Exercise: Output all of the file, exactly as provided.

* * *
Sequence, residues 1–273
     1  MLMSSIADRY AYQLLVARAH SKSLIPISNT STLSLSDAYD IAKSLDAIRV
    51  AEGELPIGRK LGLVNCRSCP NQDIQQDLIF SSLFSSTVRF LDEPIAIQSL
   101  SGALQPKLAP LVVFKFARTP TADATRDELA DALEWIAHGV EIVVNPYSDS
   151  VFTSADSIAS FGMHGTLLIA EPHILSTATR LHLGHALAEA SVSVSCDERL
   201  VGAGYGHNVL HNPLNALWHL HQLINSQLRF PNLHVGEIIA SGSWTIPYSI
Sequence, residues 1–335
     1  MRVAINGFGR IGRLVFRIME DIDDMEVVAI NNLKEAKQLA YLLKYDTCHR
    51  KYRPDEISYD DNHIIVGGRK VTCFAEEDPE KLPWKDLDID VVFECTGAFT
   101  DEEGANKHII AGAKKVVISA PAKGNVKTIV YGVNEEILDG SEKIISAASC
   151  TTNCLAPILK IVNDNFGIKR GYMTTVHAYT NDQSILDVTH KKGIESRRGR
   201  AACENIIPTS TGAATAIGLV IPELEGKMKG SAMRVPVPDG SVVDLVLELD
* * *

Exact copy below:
Sequence, residues 1–273
     1  MLMSSIADRY AYQLLVARAH SKSLIPISNT STLSLSDAYD IAKSLDAIRV
    51  AEGELPIGRK LGLVNCRSCP NQDIQQDLIF SSLFSSTVRF LDEPIAIQSL
   101  SGALQPKLAP LVVFKFARTP TADATRDELA DALEWIAHGV EIVVNPYSDS
   151  VFTSADSIAS FGMHGTLLIA EPHILSTATR LHLGHALAEA SVSVSCDERL
   201  VGAGYGHNVL HNPLNALWHL HQLINSQLRF PNLHVGEIIA SGSWTIPYSI
Sequence, residues 1–335
     1  MRVAINGFGR IGRLVFRIME DIDDMEVVAI NNLKEAKQLA YLLKYDTCHR
    51  KYRPDEISYD DNHIIVGGRK VTCFAEEDPE KLPWKDLDID VVFECTGAFT
   101  DEEGANKHII AGAKKVVISA PAKGNVKTIV YGVNEEILDG SEKIISAASC
   151  TTNCLAPILK IVNDNFGIKR GYMTTVHAYT NDQSILDVTH KKGIESRRGR
   201  AACENIIPTS TGAATAIGLV IPELEGKMKG SAMRVPVPDG SVVDLVLELD